Eight subjects were given a 300 mg dose of CBD daily and, after four months, half stopped having seizures entirely. However, due to the stigma surrounding cannabis use at the time, the results of this study were not publicized.
Attitudes regarding cannabis use started changing around a decade later. California passed Proposition 215 – which is also known as the Compassionate Use Act – in 1996, making it the first state to introduce measures to legalize medical marijuana. Seven other states followed suit soon after: Oregon, Washington, Alaska, Maine, Hawaii, Colorado, and Nevada all legalized medical marijuana by 2000. Currently, there are 33 states in which it is legal to use marijuana for medicinal purposes.
In 2018, the Farm Bill made industrial hemp production and the extraction of hemp CBD legal, which attracted a lot of attention. In the same year, the FDA approved a CBD-based drug called Epidolex, which was the first of its kind. It is an oral solution that treats seizures associated with Dravet syndrome and Lennox-Gastaut syndrome (LGS). These disorders generally do not respond well to pharmaceutical drugs and treatments, but Epidolex has, so far, helped many people – and because of its FDA approval, it even qualifies to be covered by insurance.
MEDICAL VS. RECREATIONAL MARIJUANA
One of the main differences between medical and recreational marijuana is the intention behind the marijuana use.
Medicinal marijuana is used to treat medical conditions such as chronic pain, chemotherapy-related nausea, glaucoma, and neurological disorders such as epilepsy and Alzheimer’s disease. Recreational marijuana use, on the other hand, is similar to alcohol or nicotine use – the goal is often to alter one’s mood and provide enjoyment. However, a person who uses marijuana recreationally can still also use it medically.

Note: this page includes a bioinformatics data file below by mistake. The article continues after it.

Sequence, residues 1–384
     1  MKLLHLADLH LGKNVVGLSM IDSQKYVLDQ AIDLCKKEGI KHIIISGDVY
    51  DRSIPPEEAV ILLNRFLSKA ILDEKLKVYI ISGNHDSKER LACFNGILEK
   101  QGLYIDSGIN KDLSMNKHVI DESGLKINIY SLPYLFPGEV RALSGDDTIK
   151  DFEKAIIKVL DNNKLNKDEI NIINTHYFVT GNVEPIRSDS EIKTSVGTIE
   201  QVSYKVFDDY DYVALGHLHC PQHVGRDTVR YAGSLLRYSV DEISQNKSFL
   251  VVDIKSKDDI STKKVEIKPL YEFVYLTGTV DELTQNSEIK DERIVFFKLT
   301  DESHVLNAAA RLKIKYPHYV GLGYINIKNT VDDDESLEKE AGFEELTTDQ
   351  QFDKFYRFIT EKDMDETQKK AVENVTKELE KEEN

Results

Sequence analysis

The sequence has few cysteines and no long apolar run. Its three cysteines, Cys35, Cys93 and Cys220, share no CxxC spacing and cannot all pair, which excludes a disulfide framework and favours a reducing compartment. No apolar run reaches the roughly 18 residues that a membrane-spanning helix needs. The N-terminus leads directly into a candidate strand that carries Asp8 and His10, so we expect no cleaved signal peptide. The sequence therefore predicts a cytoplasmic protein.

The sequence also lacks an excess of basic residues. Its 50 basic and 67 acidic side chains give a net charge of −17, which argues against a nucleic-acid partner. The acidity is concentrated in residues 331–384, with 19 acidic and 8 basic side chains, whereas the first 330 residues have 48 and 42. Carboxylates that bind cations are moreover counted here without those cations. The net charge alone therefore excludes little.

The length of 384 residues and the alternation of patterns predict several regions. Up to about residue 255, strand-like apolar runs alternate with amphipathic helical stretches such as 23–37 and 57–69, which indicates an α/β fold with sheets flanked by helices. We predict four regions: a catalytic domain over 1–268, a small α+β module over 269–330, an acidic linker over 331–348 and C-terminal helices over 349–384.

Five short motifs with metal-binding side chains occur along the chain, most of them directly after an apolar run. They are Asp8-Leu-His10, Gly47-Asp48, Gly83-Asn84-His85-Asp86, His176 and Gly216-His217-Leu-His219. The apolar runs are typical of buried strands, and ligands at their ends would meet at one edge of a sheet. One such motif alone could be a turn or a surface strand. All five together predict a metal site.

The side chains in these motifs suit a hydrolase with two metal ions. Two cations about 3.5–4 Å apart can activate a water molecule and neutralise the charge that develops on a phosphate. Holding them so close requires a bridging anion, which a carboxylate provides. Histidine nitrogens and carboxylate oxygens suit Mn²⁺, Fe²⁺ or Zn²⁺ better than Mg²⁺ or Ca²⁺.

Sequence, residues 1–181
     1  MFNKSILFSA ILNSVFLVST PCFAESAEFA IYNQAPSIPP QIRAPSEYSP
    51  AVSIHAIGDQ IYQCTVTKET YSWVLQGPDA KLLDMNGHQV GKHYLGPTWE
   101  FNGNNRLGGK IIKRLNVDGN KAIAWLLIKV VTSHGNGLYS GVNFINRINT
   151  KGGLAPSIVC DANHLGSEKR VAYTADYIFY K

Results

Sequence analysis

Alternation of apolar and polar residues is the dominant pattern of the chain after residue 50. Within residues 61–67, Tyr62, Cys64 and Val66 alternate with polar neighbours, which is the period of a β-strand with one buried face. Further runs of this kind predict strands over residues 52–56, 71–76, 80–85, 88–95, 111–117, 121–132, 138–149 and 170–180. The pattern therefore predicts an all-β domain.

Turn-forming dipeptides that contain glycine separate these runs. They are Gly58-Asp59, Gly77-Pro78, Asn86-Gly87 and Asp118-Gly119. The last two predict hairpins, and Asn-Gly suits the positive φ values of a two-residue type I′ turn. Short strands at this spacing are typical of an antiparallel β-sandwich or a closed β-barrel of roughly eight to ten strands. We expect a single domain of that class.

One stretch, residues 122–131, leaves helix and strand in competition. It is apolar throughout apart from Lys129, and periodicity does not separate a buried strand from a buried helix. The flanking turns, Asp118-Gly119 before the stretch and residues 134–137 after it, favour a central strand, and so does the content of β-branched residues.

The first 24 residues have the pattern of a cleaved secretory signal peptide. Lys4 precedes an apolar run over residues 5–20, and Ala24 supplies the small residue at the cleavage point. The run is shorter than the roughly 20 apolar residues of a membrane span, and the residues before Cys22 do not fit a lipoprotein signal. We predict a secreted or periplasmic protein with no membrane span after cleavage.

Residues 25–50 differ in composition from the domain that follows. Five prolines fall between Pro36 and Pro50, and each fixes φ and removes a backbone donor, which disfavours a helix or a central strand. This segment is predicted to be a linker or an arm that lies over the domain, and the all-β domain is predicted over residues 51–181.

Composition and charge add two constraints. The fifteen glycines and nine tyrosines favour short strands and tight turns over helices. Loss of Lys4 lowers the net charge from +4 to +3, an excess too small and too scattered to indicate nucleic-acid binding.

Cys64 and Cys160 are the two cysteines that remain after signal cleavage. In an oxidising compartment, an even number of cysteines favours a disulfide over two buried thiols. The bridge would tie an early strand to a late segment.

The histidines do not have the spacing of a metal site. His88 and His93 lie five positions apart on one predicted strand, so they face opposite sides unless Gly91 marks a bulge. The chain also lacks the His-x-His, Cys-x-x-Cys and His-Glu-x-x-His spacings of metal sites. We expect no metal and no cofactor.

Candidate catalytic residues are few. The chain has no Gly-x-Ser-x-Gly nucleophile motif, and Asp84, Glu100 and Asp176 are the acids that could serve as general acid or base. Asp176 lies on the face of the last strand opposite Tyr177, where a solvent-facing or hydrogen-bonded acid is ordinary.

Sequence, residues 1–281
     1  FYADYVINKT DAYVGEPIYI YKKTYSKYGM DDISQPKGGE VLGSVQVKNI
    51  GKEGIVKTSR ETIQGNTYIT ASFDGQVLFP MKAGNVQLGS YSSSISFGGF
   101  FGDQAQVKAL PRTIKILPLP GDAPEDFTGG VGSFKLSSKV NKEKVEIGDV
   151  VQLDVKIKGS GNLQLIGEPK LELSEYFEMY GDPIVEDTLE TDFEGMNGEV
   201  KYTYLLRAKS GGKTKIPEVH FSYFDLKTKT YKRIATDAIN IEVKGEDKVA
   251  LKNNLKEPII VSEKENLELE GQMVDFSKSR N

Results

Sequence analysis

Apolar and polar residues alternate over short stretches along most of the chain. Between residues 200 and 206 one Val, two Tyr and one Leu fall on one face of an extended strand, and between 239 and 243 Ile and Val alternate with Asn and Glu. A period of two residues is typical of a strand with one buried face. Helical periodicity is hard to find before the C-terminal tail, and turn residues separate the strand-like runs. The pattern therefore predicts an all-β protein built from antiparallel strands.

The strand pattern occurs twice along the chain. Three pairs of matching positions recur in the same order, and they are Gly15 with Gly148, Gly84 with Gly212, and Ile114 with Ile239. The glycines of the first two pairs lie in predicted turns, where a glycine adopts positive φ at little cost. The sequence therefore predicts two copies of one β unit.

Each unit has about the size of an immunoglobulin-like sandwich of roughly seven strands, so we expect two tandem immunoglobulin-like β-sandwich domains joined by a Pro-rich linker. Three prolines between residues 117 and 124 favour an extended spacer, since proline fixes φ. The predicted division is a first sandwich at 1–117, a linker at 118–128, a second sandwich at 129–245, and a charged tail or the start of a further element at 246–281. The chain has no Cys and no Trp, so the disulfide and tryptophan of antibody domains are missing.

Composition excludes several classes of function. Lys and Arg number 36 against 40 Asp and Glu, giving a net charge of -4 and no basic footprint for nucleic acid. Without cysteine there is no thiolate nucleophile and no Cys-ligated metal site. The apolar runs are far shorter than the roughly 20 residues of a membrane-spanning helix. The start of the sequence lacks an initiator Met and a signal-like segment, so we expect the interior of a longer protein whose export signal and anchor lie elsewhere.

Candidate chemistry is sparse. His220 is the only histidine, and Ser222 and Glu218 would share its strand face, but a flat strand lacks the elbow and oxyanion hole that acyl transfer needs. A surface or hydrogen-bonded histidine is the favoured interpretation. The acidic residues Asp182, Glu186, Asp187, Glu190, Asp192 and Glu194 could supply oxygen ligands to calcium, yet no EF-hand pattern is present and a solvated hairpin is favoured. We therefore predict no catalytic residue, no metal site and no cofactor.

The purchasing process at dispensaries is also different for medicinal and recreational marijuana. Patients seeking medicinal marijuana are required to present both their medical marijuana card or relevant documentation and their identification.
Some dispensaries have waiting rooms for patients, who are called in one at a time, just like a doctor’s office. “Budtenders” at medical dispensaries are permitted and qualified to give medical advice and answer questions, which they aren’t allowed to do at a recreational dispensary. Medical marijuana patients also enjoy certain perks that recreational users don’t, such as lower costs and fewer taxes on products, lower restrictions on the THC content of the product and the quantity of the product bought, the ability to grow more of their own cannabis than recreational users, and access to treatment for minors.
The legality of medicinal marijuana use and recreational use differs drastically. Medical marijuana patients must have a qualifying condition in order to qualify for it legally, while recreational users don’t. Also, 33 states have legalized marijuana for medicinal use, along with several outlying US territories and districts. However, only a few have legalized recreational marijuana use.
CBD-RELATED LAWSUITS AND DEFINITIONS
The lawsuits and legal definitions that have been documented so far can also help in determining whether CBD is legal or not. In 2004, the hemp industry as a whole brought a case against the Drug Enforcement Administration (DEA) in Hemp Industries Association vs. DEA. This case is important because it paved the way for the 2018 Farm Bill. The court ruled that both marijuana and forms of synthetic THC were illegal, according to the Controlled Substances Act, but that hemp isn’t either.